Increase your 401(k) percentage contribution with each pay increase. Strive to reach 20 percent.
Continue setting aside more savings in Roth or traditional IRAs, depending on tax needs.
Life insurance strategies might provide access to investments later on for retirement.
Consider moderate growth investments, such as 75 percent in stocks and 25 percent in bonds.
This period has provisions for accelerating retirement steps. At age 50 and above, people can increase contributions for IRAs by an extra $1,000 a year, so from $5,500 to $6,500, Graham said. A much higher catch-up contribution is allowed for an employer 401(k) through elective deferrals.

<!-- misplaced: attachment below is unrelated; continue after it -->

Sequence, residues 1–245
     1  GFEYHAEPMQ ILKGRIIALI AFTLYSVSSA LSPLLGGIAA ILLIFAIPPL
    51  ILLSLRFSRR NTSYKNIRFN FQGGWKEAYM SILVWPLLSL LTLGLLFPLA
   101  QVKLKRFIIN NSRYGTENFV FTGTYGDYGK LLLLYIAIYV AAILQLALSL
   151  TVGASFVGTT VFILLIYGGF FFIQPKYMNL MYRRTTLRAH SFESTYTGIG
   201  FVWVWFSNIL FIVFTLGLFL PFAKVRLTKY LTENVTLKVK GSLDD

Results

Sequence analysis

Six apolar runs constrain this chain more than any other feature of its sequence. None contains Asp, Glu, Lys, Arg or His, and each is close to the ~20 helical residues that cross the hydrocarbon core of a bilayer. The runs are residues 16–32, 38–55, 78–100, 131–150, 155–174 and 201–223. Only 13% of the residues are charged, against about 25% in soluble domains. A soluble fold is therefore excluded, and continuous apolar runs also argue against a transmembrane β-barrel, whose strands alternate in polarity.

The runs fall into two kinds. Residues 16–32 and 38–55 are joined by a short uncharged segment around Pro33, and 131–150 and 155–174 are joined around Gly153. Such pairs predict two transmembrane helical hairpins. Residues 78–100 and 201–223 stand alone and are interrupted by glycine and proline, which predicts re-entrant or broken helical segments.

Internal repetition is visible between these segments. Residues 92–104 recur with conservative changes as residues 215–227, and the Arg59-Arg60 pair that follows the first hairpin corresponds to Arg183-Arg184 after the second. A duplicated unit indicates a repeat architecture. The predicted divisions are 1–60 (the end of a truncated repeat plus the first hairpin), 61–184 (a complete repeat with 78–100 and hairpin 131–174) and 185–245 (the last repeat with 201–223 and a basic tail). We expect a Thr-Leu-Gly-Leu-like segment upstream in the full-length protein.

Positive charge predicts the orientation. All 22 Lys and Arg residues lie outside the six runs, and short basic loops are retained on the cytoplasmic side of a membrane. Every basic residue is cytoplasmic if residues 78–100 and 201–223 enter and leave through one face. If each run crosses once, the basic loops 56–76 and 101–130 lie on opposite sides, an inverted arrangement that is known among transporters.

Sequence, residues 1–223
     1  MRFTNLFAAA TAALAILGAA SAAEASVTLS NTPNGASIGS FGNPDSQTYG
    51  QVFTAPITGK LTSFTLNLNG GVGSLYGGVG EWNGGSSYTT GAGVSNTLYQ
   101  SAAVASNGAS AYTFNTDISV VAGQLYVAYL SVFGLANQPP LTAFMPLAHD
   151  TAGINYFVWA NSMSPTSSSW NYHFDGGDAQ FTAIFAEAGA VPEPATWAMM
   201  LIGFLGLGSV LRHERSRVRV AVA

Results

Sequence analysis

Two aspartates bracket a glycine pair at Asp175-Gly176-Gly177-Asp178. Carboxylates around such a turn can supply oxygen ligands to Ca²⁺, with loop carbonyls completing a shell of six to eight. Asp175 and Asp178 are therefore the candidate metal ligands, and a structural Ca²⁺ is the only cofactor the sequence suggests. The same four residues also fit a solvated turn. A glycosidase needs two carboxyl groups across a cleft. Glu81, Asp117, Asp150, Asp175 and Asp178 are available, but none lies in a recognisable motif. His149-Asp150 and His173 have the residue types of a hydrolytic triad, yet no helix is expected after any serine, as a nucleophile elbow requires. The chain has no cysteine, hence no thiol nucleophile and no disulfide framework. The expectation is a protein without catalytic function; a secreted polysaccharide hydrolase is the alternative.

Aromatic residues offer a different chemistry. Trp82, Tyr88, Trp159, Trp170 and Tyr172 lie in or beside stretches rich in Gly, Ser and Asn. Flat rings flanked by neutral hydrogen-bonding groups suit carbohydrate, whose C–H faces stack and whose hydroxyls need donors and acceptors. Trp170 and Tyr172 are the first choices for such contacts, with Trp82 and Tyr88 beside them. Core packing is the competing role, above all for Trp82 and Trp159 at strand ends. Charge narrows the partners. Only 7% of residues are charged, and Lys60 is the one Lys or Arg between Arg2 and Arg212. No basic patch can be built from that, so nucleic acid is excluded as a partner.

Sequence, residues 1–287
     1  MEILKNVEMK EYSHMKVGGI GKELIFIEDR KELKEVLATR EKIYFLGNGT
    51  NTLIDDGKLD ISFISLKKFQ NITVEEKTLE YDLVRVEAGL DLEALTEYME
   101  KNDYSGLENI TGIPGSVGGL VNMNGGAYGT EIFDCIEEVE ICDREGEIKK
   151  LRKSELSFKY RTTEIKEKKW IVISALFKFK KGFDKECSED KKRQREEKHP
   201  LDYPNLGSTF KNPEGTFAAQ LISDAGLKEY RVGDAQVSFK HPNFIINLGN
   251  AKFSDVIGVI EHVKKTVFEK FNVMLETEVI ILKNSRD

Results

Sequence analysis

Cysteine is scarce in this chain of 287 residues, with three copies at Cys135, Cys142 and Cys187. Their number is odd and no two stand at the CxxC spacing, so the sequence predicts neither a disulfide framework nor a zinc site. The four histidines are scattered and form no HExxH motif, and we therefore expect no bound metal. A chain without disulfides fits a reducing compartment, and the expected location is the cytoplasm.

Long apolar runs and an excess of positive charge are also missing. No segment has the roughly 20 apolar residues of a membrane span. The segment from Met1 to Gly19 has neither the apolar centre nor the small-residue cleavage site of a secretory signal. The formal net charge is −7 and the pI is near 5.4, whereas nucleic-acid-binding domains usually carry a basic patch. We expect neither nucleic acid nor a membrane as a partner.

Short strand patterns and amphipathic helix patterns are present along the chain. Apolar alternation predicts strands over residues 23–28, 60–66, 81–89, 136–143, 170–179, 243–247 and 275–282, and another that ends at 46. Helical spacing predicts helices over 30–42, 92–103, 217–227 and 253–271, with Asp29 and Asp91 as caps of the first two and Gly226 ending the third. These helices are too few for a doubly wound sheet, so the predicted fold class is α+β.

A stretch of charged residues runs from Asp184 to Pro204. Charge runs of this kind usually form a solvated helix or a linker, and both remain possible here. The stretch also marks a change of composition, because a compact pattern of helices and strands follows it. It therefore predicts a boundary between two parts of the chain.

“It would be a good idea to check with your plan administrator,” Graham said. “We encourage employees to take the initiative on that.”
He also recommends the book, “Halftime,” encouraging thought about how people want to invest time and talents later in life. Perhaps it’s transition time for a passion to become an encore career.
A retirement big picture should have sharper focus by now. Financial advisers have software to crunch numbers on the trajectory of taxes, income, appreciation and other factors. More people are remaining in the workforce until 65 to keep employer health insurance, Graham added.
Gradl said people tend to be laser-focused by their 50s on how to get to retirement, and some may panic, but they have resources such as those catch-up provisions.
“Don’t get discouraged,” he said. “Start making it happen.”
Review life insurance and long-term care insurance, Gradl added. More than 70 percent of people turning age 65 will need long-term care at some point of their life, says the U.S. Department of Health and Human Services.